Ill start this with saying that if anyone has info on this please come forward as their seems to be very few resources and they are all cryptic. Anyway i have found all the trinamic whitepapers to be very helpful and over the past year hae tested and experimented to the point where i feel i have a decent grasp on how this works.
This is a basic guide on making a PA (Pressure Advance) gcode file. I plan on forking the code and changing it to natively generate the gcode for RRF and Klipper, but it’s easy, so I am not making that a priority. Just use the above-linked tools.
Generate the gcode for marlin inputting your settings for the filament and nozzle you are using. You want .005 steps ranging from 0 to .1 for most nozzles and filaments. If your filament is very soft or your nozzle is small, then .2 may be better as a maximum value.
Add a G32 after the G28 in the side panel.
Add a T2000 after the P500 on the acceleration line.
Download and open in notepad, or some other simple editor that does not format text.
Use find and replace to find M900 K and replace it with the respective values:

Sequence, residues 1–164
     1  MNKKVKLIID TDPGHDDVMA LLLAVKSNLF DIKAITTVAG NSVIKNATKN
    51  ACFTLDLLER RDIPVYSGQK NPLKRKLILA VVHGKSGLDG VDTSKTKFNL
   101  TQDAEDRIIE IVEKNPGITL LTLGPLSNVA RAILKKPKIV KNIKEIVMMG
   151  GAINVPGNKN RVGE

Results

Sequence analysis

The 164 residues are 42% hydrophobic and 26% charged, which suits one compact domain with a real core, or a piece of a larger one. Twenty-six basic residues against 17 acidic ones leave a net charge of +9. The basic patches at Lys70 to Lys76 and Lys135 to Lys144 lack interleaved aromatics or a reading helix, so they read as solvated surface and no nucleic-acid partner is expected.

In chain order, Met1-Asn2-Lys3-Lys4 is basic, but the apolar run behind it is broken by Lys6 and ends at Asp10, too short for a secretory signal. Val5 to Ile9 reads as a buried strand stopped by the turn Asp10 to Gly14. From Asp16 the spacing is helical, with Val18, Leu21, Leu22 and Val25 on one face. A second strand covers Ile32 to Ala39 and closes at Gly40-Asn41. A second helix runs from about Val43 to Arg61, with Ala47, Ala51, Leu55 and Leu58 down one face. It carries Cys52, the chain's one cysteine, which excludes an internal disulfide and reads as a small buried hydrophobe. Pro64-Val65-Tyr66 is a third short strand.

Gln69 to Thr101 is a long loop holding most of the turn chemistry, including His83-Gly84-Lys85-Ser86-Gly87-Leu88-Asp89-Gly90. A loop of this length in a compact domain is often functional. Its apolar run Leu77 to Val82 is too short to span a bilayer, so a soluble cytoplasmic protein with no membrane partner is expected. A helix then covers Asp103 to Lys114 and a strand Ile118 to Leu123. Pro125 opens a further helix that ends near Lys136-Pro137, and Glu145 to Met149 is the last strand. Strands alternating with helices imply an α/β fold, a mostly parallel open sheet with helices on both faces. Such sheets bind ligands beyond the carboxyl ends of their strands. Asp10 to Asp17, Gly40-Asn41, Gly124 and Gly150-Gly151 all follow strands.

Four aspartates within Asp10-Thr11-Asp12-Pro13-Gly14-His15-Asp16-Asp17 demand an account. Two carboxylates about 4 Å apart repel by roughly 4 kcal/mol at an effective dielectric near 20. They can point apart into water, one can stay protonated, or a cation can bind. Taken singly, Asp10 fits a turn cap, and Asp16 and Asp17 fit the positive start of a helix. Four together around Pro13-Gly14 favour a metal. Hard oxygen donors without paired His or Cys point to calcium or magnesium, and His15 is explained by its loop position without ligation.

Klipper is SET_PRESSURE_ADVANCE ADVANCE=
RRF is M572 D0 S
Save the file, making sure the extension is .gcode.
Upload to the printer and print.
Find the line that stays most uniform at the speed changes marked by the top two vertical lines.
Enter the corresponding value in your slicer’s filament gcode override. If slicer does not have that, then enter it into your start code and name that profile for the filament you calibrated.
I found some cool diagrams that show the improvements with Klipper pressure advance compared to regular Linear Advance (LA) and PA with the smooth pressure advance algorithm. With direct drive, it does not matter as much, but with Bowden and high values, Marlin and RRF have a hard time keeping up and end up slowing the print a lot to maintain the max acceleration for the extruder in firmware. So, a stock 300 really needs 1.9 and that doubles print times on RRF. With Klipper, it is not a problem and it does not reduce the acceleration as the extruder hits its ceiling. Instead, it smooths out the max values and extends them slightly to the same end result. You can configure the smoothing time if you really are pushing things, but the stock value is adequate. We do not want to reach the point where we start reducing the effectiveness of the pressure advance. This all is not important if running direct drive since we rarely need more than .1 seconds of Pressure Advance with the Orbiter or most other high-end solutions. I just figured it would be interesting to give some background on what is happening under the hood.